At this point, we’ve discovered a few problems, formed our trios, come up with our hypotheses, and recently interviewed a bunch of customers (or potential customers). Now we understand some of these customers, what their pain points are, and have possibly started to notice some patterns between groups of customer types. For example, perhaps one group of customers is interested in hiring 20 more employees this year, whereas another group is considering opening up new business locations. If this is the case, it’s time to start plotting down what ties these groups together and putting a name to them we can refer back to. This is known as a user persona.
Many folks believe that a user persona has to be well designed with pretty graphics, a picture of that user, sliding scales for their traits and skills. I say rubbish. We can refine and make it pretty later, but for now, we need something we can use to provide value to these users and know which groups of users we want to target with our product/solution.
5 characteristics of a persona
The 5 key aspects of a persona template I’ve created are:
- pain points/frustrations
- products/brands they love
- other potentially useful information about this group
The questions we need to answer here are all around what they are interested in. Don’t think an interest can be too small. You never know when that may be pertinent information. Do they like looking at spreadsheets and doing pivot tables for hours? Note that down here. Do they like listening to music while they work? Note it down here. Are they interested in the newest technology for their industry, or have they used the same system they’ve had since 1992? Are they interested in automating things? Are they interested in doing things themselves? Are they interested in learning new things? Or the reverse; maintaining the status quo? These could be valuable traits to note down as part of a personas interests but remember it’s not a specific user. It’s a grouping of those users you’ve interviewed. For example, out of a sampling of 30 customer interviews, if 3-6 customers mentioned they have used the same system since 1992, I’d note that down. When we know what a customer is interested in or not interested in, we can determine the language and the selling points to help increase the likelihood they will become a user.
We have to ask ourselves here what this group of users aspire to be or what goals they have set for themselves. For instance, with landscapers, the small companies where the owner was still mowing lawns, in general, aspired to grow his business enough to be more back-office and hire a team to do the lawn mowing. This is an essential aspect of a persona because if we understand the goals and aspirations of our customers, we can then determine what areas of our product help our customers meet those goals and what areas we can improve upon to help meet those goals.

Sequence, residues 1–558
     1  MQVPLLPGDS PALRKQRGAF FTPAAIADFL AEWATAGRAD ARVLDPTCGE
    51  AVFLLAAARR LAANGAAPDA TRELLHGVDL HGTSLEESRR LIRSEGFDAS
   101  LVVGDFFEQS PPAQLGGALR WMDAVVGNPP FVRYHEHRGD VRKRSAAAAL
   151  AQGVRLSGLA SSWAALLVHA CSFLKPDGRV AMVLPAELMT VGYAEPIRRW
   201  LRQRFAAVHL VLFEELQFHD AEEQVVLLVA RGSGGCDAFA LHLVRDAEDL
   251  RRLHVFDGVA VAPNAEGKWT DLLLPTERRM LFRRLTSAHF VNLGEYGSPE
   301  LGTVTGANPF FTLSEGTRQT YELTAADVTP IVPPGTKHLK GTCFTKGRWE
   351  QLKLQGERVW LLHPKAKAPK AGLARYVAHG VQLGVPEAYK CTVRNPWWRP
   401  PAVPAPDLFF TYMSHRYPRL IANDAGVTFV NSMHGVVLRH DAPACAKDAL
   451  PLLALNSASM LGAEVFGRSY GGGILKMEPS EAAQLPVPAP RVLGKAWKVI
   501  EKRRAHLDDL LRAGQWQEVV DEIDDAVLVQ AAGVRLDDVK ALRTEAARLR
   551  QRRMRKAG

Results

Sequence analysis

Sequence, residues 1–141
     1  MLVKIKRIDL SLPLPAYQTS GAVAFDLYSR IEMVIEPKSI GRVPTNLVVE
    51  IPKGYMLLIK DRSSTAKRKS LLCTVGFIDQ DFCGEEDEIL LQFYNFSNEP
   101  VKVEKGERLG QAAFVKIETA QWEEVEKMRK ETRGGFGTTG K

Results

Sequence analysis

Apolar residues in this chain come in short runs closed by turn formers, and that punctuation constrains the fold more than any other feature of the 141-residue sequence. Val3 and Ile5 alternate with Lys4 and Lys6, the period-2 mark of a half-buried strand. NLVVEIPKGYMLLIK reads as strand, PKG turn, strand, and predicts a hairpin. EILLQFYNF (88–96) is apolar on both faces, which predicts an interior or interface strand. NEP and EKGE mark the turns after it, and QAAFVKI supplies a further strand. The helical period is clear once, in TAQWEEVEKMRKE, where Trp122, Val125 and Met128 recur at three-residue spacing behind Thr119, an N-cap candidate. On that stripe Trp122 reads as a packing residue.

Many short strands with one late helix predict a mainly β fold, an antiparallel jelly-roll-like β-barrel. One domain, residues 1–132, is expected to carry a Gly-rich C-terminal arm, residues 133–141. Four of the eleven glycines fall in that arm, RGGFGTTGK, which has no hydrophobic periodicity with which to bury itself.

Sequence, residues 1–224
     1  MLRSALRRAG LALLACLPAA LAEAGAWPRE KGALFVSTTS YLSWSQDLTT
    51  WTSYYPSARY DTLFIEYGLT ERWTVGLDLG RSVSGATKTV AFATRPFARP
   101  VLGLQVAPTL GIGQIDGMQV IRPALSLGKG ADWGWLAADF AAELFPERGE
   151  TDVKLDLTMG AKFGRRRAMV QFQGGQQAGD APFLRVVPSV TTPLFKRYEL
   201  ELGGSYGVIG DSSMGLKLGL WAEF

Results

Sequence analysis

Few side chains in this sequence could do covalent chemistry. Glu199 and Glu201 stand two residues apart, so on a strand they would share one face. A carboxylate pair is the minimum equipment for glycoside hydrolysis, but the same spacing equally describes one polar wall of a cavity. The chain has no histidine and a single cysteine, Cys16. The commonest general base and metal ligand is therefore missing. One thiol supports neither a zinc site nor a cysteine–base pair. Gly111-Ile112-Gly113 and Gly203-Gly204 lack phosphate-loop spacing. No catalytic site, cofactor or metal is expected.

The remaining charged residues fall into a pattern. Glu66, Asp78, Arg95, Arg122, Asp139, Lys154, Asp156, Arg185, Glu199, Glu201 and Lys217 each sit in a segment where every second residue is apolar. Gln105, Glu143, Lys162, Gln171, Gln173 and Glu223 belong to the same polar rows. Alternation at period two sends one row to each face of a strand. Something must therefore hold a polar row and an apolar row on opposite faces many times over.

This section is all about what motivates these customers. For example, I noticed the biggest motivator with landscapers was the crowded space and trying to differentiate. It’s crucial to collect motivations because if we know what a customer is motivated by, we can also understand what would encourage them to use our product.
I reserve this area of the persona for all the problems, pain points, and frustrations the customer currently has with their job. I don’t really use Jobs-To-Be-Done here (I’ll dive deeper into this in this series’s next post). I just collect problems and pains because not every frustration is actually a job, it may lead to a job, but they aren’t always a task. For example, if a landscaping company owner has a problem retaining good employees, that isn’t a job he is doing, but it leads to tasks and jobs he has to get done like recruitment, hiring, training, etc. There are a few reasons it’s important to plot out the pains and frustrations. First, they help us when we create user journey maps. They also enable us when we’re ideating and brainstorming solutions. Lastly, they help us when we reach the validation phase since they act as our first line of defense against if we’re actually solving one of the customers’ big problems.
Products/brands they love
This might not immediately seem super important, but knowing the customers’ favorite brands enables us to precisely know how to position our product to increase immediate trust. It also helps us determine the branding of our product (if it’s a brand new product). For instance, if we see that our customers use a lot of software or products with green colors, it might make sense to use some shade of green.
Other potentially useful information
I also like to collect other information that could be useful that I might use in the future. For instance, with landscapers, we know they enjoy the outdoors. So I wrote that down in my persona, and when it comes time to a solution, I might consider this when deciding how to deliver a solution. If it’s a physical product, perhaps we make it waterproof. Maybe a mobile app comes before a desktop solution if it’s a digital product.